Out of the Shadows: medical photography and the located poetics of colonial scientific vision (Abstract)

(c) Utes Kilter

This paper was presented at by Dr Branwyn Poleykett at The Contemporary Art Centre, Lithuania, during their conference “Shadowing the Scene: Negativity in Affects, Politics, Aesthetics“, 26-27 September 2014.

This paper draws upon two archives: medical photography in North Africa and the archives and published work of Charles Nicolle, the director of the Pasteur Institute in Tunis in the 1920s and 1930s. By drawing out the points of connection, aesthetic and political, between this material I examine the découpage that medical photographs perform on the bodies of the subjects they depict in the context of the idiosyncratic account of scientific vision, genius and myopia in Nicolle’s scientific publications, private correspondence and in his fiction. While the two archives are organised along very different lines – medical photography proceeds along the line of the case and the series while the biographical and imaginative writing stresses the quirky, idiosyncratic and the expressive; the juxtaposition of these two archives – the strenuously objective, bleached-out aesthetic of medical photography and the rich imaginative world of Nicolle – tell us much about the submerging and making visible of the negative in colonial science and medicine.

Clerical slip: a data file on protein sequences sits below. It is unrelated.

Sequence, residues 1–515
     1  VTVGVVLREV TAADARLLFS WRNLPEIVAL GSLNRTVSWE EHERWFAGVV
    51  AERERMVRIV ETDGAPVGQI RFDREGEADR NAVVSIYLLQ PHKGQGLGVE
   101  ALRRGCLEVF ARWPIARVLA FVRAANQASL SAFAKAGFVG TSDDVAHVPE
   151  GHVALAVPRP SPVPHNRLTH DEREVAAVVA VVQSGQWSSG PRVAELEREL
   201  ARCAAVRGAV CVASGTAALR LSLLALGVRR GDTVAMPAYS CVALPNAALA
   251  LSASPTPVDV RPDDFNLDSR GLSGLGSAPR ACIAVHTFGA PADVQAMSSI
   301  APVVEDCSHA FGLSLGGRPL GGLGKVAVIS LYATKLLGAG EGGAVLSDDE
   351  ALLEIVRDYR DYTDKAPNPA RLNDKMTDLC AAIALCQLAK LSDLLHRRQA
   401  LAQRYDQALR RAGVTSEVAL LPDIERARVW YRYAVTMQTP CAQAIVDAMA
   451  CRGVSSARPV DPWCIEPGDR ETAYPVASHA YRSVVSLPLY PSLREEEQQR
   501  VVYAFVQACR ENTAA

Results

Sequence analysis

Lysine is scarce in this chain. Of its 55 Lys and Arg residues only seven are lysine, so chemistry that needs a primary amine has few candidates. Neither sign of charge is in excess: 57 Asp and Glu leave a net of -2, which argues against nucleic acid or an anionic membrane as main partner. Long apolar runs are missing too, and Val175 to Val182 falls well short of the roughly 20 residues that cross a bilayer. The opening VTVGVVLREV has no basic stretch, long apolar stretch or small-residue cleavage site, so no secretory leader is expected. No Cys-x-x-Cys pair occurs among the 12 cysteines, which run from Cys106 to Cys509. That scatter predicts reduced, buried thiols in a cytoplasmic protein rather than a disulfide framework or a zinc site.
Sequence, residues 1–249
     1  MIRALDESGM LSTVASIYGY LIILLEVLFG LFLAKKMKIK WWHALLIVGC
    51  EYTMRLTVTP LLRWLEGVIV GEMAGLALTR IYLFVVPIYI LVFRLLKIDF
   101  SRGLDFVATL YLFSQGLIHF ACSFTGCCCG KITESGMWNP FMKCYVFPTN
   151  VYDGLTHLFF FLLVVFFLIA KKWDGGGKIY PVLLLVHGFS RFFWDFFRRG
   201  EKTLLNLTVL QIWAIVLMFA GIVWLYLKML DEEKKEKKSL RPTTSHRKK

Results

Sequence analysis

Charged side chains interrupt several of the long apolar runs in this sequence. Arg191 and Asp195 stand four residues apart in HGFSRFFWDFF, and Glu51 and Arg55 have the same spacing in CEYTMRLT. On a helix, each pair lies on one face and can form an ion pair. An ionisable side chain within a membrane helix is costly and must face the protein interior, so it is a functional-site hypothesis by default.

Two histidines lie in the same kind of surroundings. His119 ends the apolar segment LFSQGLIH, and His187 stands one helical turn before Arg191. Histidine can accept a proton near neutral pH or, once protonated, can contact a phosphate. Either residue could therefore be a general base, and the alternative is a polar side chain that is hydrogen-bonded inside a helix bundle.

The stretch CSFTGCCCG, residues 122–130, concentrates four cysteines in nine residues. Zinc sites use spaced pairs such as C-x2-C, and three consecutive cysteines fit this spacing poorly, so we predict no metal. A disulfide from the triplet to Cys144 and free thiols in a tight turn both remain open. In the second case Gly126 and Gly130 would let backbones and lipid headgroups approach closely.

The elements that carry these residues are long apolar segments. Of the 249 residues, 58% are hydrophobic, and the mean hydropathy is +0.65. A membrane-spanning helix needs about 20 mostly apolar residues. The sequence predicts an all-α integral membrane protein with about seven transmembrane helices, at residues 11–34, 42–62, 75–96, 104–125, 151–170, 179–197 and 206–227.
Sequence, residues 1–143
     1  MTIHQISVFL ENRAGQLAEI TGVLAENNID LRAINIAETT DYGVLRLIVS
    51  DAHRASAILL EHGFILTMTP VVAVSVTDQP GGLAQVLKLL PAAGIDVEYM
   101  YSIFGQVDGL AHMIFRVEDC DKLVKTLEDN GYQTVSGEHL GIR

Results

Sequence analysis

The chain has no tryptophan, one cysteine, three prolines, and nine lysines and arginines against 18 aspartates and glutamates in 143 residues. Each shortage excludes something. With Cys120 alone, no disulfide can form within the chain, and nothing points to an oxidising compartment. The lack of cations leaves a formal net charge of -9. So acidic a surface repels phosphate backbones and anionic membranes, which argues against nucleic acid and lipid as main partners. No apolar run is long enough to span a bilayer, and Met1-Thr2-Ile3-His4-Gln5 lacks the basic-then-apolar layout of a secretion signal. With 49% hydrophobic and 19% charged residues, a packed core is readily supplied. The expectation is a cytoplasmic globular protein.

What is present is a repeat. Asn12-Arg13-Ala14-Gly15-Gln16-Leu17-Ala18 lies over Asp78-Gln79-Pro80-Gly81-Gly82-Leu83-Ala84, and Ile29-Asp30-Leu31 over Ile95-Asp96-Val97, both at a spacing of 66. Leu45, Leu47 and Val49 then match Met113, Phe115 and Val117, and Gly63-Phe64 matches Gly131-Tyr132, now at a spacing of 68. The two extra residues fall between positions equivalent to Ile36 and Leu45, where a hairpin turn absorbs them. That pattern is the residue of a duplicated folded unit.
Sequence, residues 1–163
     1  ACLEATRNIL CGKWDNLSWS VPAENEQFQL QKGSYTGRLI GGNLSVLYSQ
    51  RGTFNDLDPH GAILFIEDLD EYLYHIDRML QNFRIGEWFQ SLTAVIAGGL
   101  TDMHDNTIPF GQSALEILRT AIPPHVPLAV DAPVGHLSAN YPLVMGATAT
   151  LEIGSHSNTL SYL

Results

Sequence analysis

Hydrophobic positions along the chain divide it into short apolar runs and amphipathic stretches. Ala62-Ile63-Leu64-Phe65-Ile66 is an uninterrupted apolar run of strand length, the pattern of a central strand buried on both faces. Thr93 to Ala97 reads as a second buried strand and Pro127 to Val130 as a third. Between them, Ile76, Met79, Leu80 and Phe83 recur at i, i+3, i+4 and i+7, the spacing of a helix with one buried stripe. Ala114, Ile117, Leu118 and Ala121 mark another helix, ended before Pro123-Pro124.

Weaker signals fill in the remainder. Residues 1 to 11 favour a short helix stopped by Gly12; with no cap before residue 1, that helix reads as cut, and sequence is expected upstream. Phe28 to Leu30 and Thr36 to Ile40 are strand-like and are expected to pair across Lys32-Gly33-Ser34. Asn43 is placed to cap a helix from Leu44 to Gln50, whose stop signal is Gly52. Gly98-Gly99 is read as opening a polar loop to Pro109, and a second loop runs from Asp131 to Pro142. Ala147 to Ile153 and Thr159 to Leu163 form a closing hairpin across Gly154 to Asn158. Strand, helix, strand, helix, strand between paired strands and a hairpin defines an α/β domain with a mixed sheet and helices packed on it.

Colonial medical photography is the product of a highly attenuated, circumscribed form of vision, a form of scientific objectivity that it also helped to bring into being, and a vision which is located in a particular set of perceptual, social, technical and power relations. Seeing from North Africa we can see that medical photography was a practice which organised the unseen as much as it offered up its subjects to the implacable and objectifying gaze of the camera. Medical photography and the personal accounts and private visual archives of colonial scientists both suppressed and controlled the visualisation of death and dying and the ordinary chaos of the body. These archives illustrate the ways in which ‘race’ is implicated – both in its suppression and its selective inclusion – not only in the making of colonial knowledge but at every scene of scientific vision.

If you would like more information about this abstract, please contact plague@crassh.cam.ac.uk


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